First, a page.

She said they are witnesses for the state of Florida in a case that her firm filed against AHCA over the Medicaid ban.

“None of these individuals are Florida residents, and none of them have received their treatment in the state of Florida and therefore, their opinion should have absolutely no basis on Florida's standards of care,” Criss said.

“And it is appalling that the actual Florida residents who have experienced with this care who are not flown in by the state of Florida as political props, were not given a chance to speak today."

A study in the medical journal the Lancet earlier this month showed that 98% of their 720 participants diagnosed with gender dysphoria and prescribed hormone treatment as adolescents continued therapy into adulthood.

 Trans advocates staged a "Die-In" at the Hyatt Regency Hotel at Orlando International Airport.
Daylina Miller
/
WUSF Public Media.
Trans advocates staged a "Die-In" at the Hyatt Regency Hotel at Orlando International Airport.

Sarah Parker, 29, is cisgender, which means she identifies with the gender she was assigned at birth. She drove up from Sarasota to speak about her rights as a parent to treat her son.

“I was in the NICU for 52 days with my son. 52 days. My son was two pounds and five ounces. You know what I did? I sat with doctors, several doctors, and they all gave me different options. And then I decided what was best for my family and my son.”

“Now if my son decides that he's trans, you're going to tell me that I don't get that same right and privilege to go sit like I sat with him when he was in the NICU and make a decision with doctors?”

Dr. Meredithe McNamara was one of three experts who spoke out against the draft proposal Friday. When a board member asked her why so many new gender clinics have opened since 2007, and why there are so many more trans children, she addressed the falsehood of “social contagion.”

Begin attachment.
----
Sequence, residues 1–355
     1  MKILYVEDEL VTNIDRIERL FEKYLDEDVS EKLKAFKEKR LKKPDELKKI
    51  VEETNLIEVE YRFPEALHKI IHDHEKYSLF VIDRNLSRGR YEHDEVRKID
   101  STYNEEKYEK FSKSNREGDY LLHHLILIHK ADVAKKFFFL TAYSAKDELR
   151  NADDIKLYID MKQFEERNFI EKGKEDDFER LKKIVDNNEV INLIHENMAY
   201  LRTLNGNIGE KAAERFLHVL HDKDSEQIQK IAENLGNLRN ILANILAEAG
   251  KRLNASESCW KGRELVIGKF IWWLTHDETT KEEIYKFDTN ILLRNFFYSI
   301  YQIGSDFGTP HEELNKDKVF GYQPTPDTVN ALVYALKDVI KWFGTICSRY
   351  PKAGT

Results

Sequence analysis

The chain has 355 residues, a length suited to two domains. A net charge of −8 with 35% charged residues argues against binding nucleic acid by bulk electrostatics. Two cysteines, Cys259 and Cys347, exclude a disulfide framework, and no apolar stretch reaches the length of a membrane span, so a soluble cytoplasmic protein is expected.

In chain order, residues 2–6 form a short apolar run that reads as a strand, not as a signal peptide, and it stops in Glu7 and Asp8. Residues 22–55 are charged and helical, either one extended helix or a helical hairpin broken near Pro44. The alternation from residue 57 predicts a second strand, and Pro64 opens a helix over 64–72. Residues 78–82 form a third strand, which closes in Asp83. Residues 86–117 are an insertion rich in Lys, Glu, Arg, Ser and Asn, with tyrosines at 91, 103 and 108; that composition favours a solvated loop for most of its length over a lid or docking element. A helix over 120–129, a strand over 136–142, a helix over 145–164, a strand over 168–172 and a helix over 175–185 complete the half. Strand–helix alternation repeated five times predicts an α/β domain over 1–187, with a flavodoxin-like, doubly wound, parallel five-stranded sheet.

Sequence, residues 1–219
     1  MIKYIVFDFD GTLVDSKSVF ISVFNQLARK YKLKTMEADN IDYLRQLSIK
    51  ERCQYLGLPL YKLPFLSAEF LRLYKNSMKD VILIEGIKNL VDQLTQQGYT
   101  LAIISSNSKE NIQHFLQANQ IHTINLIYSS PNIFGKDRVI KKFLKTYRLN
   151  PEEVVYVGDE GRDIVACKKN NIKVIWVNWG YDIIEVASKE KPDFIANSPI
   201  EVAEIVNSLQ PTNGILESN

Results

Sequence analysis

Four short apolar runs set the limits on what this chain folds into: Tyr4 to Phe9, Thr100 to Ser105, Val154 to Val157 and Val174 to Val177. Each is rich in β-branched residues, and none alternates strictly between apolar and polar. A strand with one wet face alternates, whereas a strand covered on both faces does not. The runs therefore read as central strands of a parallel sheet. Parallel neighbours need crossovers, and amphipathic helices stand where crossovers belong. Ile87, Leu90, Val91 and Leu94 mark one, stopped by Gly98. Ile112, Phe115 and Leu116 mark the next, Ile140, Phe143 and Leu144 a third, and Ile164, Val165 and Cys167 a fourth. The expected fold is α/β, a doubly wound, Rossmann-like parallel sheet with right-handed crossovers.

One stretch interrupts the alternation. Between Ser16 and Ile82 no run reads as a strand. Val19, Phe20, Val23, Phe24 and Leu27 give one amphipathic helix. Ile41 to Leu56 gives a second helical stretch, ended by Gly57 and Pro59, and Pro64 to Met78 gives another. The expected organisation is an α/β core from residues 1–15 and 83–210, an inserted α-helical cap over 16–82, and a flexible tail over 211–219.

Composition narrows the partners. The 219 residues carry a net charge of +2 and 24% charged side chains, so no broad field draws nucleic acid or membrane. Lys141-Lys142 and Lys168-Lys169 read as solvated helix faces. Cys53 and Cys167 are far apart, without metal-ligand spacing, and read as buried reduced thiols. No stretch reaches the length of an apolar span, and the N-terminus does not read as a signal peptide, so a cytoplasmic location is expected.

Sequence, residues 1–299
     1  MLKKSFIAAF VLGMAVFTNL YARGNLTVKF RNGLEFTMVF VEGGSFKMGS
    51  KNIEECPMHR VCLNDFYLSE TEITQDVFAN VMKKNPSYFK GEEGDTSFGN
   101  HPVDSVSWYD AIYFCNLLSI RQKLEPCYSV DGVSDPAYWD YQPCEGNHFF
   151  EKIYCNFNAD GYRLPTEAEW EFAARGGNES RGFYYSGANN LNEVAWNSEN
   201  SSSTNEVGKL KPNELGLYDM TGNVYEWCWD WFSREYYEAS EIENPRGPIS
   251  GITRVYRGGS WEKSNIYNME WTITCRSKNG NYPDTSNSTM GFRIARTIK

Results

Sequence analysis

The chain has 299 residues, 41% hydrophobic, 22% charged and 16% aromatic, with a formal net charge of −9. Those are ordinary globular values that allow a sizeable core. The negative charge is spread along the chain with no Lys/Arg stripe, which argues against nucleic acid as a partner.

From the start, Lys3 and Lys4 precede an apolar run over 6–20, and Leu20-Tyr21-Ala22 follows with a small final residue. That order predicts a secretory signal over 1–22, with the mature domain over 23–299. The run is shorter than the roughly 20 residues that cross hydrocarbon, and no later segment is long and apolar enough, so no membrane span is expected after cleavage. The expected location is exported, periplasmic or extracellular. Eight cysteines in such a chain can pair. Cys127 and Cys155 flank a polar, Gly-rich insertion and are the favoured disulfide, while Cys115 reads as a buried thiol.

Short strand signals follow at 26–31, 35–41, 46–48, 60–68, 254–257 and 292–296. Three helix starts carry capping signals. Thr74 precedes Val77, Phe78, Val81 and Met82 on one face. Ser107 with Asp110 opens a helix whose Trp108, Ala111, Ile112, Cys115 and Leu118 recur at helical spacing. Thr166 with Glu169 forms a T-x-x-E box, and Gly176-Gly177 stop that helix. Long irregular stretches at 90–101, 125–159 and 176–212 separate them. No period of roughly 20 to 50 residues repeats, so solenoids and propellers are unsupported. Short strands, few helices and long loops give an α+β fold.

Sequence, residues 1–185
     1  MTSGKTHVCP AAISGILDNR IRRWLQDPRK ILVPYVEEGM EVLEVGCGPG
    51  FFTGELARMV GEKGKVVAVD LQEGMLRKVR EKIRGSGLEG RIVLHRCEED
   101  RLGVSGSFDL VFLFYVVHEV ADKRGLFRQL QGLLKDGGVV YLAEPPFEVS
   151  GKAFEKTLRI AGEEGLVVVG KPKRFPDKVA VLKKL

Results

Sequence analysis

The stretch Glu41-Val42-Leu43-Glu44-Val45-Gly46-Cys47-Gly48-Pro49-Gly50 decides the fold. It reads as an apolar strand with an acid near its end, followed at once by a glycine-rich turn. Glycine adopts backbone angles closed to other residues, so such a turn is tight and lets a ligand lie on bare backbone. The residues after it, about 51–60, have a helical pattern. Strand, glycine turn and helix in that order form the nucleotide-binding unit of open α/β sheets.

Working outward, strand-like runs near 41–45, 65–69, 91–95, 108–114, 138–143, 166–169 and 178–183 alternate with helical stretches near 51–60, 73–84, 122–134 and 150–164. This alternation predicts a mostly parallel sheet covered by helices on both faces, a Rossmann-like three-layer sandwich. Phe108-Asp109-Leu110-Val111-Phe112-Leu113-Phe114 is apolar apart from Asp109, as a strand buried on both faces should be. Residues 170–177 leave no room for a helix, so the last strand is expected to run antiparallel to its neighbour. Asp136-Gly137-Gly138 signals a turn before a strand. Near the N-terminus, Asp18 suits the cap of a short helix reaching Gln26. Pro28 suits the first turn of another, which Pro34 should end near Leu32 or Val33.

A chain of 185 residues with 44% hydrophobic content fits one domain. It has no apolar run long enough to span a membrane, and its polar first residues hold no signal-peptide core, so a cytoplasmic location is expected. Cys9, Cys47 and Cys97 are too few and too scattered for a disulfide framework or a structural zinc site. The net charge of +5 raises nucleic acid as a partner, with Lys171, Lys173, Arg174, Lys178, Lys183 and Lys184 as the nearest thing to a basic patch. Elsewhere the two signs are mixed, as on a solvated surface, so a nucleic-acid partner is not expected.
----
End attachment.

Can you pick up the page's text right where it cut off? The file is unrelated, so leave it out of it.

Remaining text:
“We live in a more forgiving and nurturing environment than we did 20 years ago…there are trans and non-binary role models, people who are trailblazing and showing young people it’s safe to be who they are. The data does not back up social contagion.”

McNamara also said that gender-affirming care is “not experimental or investigational,” with more than 16 studies confirming that standard medical treatments for gender dysphoria are safe and effective.

She’s also one of the authors of a paper that critically reviewed the June 2022 Florida Medicaid report on the medical treatment of gender dysphoria.

In it, the authors said, “We are alarmed that Florida’s health care agency has adopted a purportedly scientific report that so blatantly violates the basic tenets of scientific inquiry. The report makes false statements and contains glaring errors regarding science, statistical methods, and medicine.”

Copyright 2022 WUSF Public Media - WUSF 89.7. To see more, visit WUSF Public Media - WUSF 89.7.

Daylina Miller, multimedia reporter for Health News Florida, was hired to help further expand health coverage statewide.